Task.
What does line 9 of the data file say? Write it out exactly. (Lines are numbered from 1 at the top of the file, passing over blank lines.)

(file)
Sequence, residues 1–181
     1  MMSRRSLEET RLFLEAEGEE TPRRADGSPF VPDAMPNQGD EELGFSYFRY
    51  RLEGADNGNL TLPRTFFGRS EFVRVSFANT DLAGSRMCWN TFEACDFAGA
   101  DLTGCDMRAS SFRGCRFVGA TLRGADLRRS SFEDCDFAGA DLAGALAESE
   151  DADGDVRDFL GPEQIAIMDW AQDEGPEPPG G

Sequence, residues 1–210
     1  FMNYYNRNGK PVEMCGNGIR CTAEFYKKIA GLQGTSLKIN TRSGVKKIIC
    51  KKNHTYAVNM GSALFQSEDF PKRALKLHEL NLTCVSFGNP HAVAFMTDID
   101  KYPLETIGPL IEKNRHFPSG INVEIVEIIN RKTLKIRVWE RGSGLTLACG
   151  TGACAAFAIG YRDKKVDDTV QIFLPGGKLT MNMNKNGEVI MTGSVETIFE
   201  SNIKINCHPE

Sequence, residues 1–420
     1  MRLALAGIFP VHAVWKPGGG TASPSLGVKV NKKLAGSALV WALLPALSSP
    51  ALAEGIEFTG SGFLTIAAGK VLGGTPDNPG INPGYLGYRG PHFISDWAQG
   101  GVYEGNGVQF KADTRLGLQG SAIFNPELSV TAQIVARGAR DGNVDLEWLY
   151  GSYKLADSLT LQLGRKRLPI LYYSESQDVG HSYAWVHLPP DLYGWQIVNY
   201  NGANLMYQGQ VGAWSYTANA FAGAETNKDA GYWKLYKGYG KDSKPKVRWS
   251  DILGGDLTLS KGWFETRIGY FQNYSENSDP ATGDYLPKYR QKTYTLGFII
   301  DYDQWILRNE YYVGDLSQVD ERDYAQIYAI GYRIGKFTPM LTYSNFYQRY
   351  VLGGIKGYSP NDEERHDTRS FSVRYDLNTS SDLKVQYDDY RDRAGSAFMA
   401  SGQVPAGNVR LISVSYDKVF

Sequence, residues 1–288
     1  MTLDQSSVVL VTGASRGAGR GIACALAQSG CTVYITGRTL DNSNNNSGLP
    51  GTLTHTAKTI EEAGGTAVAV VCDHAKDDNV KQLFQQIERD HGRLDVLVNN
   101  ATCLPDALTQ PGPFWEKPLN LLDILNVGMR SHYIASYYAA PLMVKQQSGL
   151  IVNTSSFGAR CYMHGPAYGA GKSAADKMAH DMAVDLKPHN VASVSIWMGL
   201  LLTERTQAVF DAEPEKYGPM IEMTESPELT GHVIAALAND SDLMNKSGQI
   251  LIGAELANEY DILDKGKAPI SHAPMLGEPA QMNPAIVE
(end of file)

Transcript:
   101  KYPLETIGPL IEKNRHFPSG INVEIVEIIN RKTLKIRVWE RGSGLTLACG